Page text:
90-degree angle. Knoll cites provisions of Herman Miller's catalog that state that the spine walls must be connected to both the upper and lower tiles of the wing wall, and that the upper tile therefore requires a connecting bracket. Knoll argues that this bracket prevents continuous lay-in and also precludes easy access to cabling.

The agency evaluated the continuous lay-in of the Ethospace product based on the Trade Products written proposal and product demonstration, and determined after issuing an EN to Trade Products that the requirements for continuous lay-in were met. AR, Tab 19D, Request for Final Proposal. Although the agency did not specifically address the issue raised by Knoll in the EN to Trade Products, the agency now argues, in response to Knoll's allegations, that the top of the Trade Products design may also "be configured so that connections can be made at the top of the panels," and that the panels "can also be configured so that all connections can be made [deleted]," while still meeting the continuous lay-in requirement. Memorandum of Law at 4. Trade Products also explains that the brackets that Knoll alleges preclude continuous lay-in [deleted], and that Knoll's reference to that bracket apparently relies on an outdated version of the Herman Miller catalog. In illustrations explaining the continuous lay-in feature attached to a declaration by its president, Trade Products [deleted]. Comments of Trade Products, attach. A,
exh. 6.

The agency contends that a connection between the panels at a height of 38 inches without using a top bracket is a feasible solution that would allow continuous lay-in, and the protester provides no conclusive basis to dispute this view. Furthermore, to the extent that the Trade Products proposal [deleted], as demonstrated in its comments, we do not think that such an element indisputably precludes continuous lay-in, as [deleted]. See Comments of Trade Products, attach. A, exh. 6. Based on either approach discussed by the agency, we have no basis to question the reasonableness of the agency's conclusion that the Trade Products proposal was technically acceptable.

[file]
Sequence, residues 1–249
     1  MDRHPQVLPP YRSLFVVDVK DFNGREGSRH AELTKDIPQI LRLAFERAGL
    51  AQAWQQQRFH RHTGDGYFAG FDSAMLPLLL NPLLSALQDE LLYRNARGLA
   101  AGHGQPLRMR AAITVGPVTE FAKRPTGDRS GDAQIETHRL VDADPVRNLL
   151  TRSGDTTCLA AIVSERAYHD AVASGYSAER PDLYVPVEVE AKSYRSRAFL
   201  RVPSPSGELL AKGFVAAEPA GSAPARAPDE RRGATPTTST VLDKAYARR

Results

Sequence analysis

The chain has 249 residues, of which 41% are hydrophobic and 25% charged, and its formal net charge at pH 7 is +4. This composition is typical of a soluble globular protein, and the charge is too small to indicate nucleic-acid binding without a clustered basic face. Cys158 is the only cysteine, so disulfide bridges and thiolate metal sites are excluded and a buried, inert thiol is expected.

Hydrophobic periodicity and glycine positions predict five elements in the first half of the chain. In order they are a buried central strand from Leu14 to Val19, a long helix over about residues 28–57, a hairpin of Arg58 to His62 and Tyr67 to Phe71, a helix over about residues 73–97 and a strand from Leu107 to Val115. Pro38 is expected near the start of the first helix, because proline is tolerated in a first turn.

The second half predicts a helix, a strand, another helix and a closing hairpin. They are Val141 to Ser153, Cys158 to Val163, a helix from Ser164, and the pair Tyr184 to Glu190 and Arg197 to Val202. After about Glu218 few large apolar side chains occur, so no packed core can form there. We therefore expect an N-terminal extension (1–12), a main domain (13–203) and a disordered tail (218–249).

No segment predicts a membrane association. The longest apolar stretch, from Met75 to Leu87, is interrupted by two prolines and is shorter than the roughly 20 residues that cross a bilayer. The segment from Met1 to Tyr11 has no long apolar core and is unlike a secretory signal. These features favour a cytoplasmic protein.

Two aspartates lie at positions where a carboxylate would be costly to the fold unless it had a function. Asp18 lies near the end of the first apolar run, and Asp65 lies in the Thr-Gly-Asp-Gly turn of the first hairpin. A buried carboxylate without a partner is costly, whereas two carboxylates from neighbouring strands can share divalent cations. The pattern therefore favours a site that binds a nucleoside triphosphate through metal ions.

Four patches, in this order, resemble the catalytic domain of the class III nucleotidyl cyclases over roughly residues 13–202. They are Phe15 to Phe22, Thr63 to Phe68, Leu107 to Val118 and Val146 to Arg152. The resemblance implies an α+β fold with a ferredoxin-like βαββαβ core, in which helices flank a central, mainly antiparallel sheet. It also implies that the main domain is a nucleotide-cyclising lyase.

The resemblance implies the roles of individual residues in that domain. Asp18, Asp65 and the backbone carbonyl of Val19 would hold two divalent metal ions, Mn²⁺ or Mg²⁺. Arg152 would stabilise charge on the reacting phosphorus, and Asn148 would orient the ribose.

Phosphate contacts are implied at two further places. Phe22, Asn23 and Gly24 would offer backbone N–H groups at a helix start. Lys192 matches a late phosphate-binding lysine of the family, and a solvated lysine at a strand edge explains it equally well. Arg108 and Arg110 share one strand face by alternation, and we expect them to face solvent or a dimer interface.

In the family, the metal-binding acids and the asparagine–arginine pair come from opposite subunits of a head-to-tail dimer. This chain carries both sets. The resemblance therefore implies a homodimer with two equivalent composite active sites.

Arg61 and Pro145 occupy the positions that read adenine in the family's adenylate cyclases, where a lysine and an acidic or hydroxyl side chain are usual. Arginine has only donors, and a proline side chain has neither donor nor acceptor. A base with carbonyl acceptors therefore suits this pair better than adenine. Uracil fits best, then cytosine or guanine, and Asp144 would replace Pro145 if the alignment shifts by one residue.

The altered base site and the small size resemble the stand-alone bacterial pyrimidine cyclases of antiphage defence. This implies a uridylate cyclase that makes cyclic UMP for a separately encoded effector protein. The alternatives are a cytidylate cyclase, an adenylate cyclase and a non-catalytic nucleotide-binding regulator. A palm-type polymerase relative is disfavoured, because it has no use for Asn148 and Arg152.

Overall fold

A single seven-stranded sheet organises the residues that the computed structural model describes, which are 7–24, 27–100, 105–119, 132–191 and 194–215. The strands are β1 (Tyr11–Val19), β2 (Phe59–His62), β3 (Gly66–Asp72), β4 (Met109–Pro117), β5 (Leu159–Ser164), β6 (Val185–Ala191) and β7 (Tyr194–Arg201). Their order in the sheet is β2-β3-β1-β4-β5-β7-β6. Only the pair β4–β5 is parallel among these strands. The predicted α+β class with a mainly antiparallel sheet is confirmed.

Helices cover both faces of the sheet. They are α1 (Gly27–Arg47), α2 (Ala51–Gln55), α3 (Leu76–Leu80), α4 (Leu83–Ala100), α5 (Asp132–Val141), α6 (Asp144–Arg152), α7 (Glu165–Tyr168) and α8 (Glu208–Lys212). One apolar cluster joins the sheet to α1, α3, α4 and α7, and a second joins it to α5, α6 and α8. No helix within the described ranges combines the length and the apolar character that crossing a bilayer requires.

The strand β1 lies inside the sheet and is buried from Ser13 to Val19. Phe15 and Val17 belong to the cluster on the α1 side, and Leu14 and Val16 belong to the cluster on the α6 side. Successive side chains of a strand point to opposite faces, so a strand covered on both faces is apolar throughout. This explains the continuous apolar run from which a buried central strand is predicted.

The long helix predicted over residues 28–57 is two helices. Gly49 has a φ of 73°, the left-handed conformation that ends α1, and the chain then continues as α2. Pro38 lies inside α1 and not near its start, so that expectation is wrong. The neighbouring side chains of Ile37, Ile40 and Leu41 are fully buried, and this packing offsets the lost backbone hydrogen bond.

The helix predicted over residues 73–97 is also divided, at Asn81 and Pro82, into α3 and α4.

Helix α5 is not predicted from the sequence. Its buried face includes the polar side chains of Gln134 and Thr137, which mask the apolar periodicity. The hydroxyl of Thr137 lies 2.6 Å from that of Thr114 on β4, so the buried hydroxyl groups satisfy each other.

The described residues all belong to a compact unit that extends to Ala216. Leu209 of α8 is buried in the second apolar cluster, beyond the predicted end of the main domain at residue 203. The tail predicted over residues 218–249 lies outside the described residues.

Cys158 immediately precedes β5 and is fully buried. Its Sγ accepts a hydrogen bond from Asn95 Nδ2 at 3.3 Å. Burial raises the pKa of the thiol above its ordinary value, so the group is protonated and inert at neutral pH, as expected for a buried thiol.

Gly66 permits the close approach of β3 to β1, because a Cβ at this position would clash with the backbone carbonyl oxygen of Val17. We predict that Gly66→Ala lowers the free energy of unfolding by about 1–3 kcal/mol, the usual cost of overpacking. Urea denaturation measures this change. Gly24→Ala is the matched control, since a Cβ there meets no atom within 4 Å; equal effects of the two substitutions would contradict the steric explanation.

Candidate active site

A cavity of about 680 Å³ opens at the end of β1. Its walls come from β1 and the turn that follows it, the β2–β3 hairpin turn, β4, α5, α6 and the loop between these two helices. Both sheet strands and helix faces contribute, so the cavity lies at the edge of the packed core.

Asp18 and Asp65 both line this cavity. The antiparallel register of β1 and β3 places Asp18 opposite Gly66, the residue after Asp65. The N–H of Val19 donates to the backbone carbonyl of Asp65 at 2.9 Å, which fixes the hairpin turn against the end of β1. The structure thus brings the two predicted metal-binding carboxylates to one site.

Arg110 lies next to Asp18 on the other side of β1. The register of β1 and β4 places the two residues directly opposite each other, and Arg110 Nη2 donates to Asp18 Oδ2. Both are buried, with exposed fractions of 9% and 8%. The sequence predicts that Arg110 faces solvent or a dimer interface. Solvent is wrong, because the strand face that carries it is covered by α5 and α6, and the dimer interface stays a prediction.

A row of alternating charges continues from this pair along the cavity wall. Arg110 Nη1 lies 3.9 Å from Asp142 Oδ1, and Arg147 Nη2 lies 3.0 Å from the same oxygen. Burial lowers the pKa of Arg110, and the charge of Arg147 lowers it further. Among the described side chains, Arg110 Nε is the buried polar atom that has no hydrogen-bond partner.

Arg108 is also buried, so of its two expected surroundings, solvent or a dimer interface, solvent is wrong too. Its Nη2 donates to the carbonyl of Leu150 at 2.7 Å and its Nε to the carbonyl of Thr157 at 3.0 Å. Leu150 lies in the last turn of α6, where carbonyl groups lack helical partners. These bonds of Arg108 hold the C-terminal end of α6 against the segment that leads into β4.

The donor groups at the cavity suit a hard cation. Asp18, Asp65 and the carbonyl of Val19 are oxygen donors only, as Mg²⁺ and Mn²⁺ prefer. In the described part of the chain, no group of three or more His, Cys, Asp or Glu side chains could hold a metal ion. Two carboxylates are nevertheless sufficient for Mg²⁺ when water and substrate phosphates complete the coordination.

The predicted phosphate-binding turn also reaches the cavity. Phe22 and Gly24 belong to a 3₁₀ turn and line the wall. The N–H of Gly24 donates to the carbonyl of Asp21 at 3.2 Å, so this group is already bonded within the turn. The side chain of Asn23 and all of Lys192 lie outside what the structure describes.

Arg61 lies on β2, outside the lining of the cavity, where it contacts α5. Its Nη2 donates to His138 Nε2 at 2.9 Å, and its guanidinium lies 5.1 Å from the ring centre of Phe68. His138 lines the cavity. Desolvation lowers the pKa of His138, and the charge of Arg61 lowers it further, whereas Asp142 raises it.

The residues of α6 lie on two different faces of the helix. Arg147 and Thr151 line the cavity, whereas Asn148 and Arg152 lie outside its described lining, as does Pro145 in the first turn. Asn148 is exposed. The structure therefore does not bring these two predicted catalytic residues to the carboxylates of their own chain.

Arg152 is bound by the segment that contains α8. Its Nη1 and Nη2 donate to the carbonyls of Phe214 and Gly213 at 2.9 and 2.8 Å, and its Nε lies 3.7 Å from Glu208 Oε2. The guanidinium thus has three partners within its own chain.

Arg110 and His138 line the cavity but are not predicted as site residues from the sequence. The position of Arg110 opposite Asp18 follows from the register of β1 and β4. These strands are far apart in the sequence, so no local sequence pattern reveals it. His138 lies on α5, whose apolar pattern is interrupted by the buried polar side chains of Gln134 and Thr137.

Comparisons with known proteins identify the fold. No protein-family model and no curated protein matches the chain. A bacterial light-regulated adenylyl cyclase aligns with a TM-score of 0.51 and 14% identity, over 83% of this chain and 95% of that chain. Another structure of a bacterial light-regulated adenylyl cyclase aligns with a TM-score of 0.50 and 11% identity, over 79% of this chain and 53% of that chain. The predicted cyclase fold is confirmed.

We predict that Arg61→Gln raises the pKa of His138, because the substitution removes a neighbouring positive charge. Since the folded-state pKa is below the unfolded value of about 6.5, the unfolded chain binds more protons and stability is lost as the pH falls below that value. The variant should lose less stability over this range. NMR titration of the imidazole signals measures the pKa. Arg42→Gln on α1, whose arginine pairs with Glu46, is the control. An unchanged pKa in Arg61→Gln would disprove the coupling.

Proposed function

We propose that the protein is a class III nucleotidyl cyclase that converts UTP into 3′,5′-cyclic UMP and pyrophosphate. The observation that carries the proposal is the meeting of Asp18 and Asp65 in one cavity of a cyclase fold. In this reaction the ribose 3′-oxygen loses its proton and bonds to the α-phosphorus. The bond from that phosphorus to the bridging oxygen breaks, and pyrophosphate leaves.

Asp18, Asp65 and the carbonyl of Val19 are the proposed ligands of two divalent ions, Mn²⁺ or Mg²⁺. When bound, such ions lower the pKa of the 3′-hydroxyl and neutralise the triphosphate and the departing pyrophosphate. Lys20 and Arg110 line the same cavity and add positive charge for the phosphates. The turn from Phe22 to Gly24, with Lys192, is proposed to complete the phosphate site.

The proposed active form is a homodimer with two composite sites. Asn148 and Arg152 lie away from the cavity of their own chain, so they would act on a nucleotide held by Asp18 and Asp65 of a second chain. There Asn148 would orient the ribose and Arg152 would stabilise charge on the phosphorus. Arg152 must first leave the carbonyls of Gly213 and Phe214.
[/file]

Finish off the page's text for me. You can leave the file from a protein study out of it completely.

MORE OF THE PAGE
Access to Panels

Knoll also argues that the Trade Products proposal connection between the spine and wing walls precludes the removal of spine-wall panels, as required by SOW
4.4.2: "Panel skins should have the ability to be removed, replaced and reconfigured without removing the panel or panel frame from the panel run." Knoll argues that the removal of these panels is not possible when the wing walls are attached to the spine walls, and that the wing walls must be removed prior to accessing the panels on the spine wall.

The agency did not identify any problems with the Trade Products proposal concerning this issue in its evaluation. The agency now explains that the Trade Products design allows access to the spine wall panels because "during installation and reconfiguration, off-modular wing walls, if present, are removed, and this clears the panel of any obstruction. Panel skins can then be removed, replaced, and reconfigured without removing the panels or panel frame from the panel run, which satisfies [SOW ] 4.4.2." CO's Statement (Knoll Protest) at 4. The agency apparently interprets the removal of the wing walls as adequate to satisfy the easy access requirement.

Furthermore, Trade Products notes that its design provides a [deleted] that allows for access to spine panels without the removal of the wing walls. Declaration of the President of Trade Products at 10. The agency confirms that this feature was detailed during the Trade Products demonstration: "Panel tiles can be removed with off-module walls in place, and without removing the off module walls by use of a specific part designed for this purpose. The SSET observed this during November 8, 2004 product demonstrations by Trade Products/Herman Miller." First Declaration of SSET Chair at 3.

Although Knoll argues that the agency unreasonably relies on the position that the removal of wing walls satisfies the requirements of SOW 4.4.2 and 4.3.11, we conclude that Trade Products and the agency have reasonably described the ability to remove the spine panels of its product without removal of the wing walls.